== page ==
Resident Evil

a review of Resident Evil (REmake)
a videogame developed by capcom production studio 4
and published by capcom entertainment
for the nintendo gamecube
text by Thomas Callahan

3 stars

Bottom line: Resident Evil is “a villain of the highest order.”

Survival horror is the name of a genre, as befitted by obsessive-compulsive drones categorizing and ranking their favorite videogames to their heart’s content, and to every last decimal point. It certainly is a name that bears repeating. Survival horror. Wonderfully evocative, wonderfully specific.


I figure that yes, aside from the gloomy connotation it carries, apart from the notion of plodding, claustrophobic backtracking it implies, and despite having bogged down Shinji Mikami for almost a decade, survival horror remains a wonderful concept. In videogame terms it is long gone, sure, cast aside in favor of bigger, better things — namely, the functionally sublime run ‘n gun, Resident Evil 4. Whenever survival horror does resurface — that is, in Suda 51 and Shinji Mikami’s notorious collaboration, killer7 — it is only to be mocked and parodied. Yet I continue to gaze fondly in the genre’s effectively extinct direction, as its now-arcane devices and design philosophies were honed to perfection exactly twice. Survival horror served a purpose, is what I’m saying.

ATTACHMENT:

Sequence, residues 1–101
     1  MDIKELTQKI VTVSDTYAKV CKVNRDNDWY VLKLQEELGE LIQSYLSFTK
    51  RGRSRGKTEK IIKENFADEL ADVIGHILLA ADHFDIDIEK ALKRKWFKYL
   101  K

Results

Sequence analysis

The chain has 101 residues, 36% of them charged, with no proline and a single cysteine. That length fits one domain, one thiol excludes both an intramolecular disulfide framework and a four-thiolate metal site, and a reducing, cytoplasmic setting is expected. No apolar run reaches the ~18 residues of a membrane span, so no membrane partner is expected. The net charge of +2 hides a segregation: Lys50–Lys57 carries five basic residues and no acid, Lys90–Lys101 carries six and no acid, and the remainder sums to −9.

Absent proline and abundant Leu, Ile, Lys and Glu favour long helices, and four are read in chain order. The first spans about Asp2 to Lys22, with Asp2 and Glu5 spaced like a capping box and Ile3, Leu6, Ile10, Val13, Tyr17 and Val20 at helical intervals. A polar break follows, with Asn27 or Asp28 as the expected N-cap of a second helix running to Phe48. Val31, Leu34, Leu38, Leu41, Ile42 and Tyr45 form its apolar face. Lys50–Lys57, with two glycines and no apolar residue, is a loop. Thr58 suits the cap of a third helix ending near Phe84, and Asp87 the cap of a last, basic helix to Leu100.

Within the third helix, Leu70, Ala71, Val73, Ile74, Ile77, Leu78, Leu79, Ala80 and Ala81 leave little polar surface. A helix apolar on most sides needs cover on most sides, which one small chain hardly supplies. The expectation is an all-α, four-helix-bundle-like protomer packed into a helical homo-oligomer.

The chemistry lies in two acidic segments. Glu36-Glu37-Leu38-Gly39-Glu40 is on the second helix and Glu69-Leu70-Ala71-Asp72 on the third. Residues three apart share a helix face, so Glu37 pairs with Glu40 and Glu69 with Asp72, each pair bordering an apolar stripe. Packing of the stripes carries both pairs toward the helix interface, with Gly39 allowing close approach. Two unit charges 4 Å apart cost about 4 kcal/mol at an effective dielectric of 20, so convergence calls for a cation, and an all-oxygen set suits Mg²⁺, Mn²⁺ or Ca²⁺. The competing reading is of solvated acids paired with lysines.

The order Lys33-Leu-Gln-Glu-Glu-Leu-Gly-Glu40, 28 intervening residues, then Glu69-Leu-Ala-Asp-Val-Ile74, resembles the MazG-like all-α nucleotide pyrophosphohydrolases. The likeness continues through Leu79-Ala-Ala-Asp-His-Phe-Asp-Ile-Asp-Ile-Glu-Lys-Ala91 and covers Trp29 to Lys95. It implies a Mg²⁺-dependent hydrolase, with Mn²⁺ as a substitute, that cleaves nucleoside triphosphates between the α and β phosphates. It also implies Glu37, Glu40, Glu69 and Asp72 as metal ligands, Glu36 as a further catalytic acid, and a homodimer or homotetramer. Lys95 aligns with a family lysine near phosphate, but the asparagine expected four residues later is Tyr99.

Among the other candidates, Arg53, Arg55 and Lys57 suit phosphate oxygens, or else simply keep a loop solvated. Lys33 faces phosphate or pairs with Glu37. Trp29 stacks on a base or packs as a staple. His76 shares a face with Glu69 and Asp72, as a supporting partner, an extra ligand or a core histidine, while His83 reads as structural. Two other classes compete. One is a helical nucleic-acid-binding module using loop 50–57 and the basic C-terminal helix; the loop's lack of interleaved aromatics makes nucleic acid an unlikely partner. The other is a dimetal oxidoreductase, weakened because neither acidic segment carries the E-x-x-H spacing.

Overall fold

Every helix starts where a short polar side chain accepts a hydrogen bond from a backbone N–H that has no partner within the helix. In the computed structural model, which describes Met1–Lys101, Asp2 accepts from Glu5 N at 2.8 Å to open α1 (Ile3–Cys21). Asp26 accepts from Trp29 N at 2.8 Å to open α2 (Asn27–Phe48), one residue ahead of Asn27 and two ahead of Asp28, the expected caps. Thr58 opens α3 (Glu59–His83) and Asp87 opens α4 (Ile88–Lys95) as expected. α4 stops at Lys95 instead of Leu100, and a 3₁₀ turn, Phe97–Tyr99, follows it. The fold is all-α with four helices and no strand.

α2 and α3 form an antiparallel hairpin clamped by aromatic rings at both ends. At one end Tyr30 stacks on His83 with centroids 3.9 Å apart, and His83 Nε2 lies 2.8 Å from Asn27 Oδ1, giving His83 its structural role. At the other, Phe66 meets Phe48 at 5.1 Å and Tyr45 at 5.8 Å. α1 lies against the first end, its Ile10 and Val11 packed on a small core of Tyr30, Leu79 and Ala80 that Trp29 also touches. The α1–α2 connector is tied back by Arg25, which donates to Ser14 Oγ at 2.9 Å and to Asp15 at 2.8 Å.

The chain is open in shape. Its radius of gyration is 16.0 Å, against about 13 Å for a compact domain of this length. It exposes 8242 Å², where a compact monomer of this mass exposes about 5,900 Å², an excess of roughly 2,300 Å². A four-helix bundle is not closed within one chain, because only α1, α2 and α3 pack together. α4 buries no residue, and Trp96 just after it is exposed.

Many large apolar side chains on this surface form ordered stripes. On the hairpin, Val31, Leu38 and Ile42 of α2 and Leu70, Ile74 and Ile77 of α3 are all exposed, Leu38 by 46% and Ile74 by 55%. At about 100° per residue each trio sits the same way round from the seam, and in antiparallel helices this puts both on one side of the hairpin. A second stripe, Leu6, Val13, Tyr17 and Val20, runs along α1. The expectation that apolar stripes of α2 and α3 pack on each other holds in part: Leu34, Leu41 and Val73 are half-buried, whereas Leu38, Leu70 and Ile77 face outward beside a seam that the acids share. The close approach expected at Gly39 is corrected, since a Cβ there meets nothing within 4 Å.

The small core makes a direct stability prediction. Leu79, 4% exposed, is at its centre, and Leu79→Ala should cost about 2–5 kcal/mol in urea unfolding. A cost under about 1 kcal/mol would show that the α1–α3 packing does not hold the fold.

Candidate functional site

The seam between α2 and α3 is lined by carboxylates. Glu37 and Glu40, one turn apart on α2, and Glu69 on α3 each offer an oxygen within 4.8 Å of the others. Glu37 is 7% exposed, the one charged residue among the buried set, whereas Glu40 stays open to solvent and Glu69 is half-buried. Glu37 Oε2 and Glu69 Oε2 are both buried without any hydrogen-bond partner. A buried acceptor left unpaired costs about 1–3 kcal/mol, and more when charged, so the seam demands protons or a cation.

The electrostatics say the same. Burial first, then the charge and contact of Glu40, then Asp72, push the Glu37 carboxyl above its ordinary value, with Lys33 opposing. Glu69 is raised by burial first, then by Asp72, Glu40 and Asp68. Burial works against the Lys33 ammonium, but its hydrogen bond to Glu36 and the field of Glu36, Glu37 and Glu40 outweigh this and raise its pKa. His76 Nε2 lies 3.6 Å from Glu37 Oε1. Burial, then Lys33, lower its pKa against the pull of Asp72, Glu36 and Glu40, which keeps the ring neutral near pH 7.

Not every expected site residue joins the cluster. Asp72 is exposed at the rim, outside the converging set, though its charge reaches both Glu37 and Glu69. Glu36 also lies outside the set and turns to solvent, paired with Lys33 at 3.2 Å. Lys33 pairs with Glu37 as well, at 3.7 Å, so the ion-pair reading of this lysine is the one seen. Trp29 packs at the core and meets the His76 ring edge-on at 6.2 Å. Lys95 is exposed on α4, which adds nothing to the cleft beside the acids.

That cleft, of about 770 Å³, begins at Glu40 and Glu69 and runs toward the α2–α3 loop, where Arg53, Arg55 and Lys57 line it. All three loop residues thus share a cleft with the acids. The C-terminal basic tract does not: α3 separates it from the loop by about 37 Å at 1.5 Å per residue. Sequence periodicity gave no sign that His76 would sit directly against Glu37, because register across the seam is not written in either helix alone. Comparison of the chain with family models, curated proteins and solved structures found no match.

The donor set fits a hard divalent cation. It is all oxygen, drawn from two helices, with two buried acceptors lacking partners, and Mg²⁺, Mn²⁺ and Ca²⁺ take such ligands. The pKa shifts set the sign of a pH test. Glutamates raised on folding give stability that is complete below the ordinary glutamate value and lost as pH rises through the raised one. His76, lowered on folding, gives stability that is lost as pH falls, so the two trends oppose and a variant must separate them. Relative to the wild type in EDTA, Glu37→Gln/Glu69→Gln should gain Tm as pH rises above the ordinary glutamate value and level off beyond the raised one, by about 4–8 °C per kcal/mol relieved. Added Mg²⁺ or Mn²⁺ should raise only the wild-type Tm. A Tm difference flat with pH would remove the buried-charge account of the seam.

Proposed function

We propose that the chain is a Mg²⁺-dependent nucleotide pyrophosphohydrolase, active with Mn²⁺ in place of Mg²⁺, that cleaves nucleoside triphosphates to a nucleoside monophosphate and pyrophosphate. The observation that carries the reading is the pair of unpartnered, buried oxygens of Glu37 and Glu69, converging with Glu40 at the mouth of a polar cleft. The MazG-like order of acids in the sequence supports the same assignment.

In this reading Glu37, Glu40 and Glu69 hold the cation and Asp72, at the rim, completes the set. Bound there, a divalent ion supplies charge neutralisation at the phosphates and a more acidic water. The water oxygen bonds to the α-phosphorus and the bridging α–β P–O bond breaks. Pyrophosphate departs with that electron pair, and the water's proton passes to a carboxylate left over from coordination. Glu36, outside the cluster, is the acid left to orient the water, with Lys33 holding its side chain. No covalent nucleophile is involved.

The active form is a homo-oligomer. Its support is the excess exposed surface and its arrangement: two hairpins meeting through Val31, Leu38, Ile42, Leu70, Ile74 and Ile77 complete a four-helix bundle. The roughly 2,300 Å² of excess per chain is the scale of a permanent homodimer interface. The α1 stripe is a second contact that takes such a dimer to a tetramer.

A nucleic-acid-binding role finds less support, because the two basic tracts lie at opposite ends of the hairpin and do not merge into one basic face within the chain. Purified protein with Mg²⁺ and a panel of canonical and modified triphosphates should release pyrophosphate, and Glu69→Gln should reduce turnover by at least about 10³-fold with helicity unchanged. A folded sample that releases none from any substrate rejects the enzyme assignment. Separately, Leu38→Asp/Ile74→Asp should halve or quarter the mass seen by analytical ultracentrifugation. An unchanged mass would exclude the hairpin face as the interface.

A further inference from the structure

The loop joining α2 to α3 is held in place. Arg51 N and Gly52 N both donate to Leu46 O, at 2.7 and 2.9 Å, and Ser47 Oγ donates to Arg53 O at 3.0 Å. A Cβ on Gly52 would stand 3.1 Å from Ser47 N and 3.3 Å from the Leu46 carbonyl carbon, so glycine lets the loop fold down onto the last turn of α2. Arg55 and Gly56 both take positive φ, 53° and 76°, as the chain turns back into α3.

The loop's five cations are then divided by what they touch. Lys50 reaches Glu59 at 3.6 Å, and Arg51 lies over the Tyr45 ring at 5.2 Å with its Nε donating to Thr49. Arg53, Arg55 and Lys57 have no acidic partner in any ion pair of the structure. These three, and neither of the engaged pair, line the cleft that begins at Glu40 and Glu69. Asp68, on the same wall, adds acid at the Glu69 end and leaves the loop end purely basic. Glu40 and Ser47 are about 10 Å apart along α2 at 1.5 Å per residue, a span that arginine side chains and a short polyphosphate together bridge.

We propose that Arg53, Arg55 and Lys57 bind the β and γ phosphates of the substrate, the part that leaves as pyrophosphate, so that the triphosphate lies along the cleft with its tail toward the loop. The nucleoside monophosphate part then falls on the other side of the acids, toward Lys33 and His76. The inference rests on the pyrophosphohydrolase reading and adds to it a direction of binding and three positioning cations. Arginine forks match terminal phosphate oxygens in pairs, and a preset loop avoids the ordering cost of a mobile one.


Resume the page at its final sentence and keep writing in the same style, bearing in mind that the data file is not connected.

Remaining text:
This game, a loving remake of the Resident Evil series debut, marks the second of two instances where survival horror jumped out of the mud long enough to spark something brilliant.

The original Resident Evil tried and largely failed to emulate the experience of watching a B-rate camp horror film. Ingredients were set in place; every last animal phobia was perpetuated, with a cast of giant snakes, giant sharks, giant spiders and . . . bees; porn actors were rented out to provide the now-internet-famously stilted voiceovers; and camera angles were fixed in place, lending an uneasy, half-obscured cinematic perspective to the schlock horror. Go back and play the original, however, and you’ll be stunned at how badly it has aged. That every hallway is fairly well-lit, often with comfortable fluorescent lighting, drains every last shred of suspense in one fell swoop. Navigating the mansion begins to feel like stumbling around the lobby of an only-slightly rundown nightclub at 3 pm in sunny California. There, that’s all. It didn’t work, it was hopelessly garish. The original failed simply because it was too bright.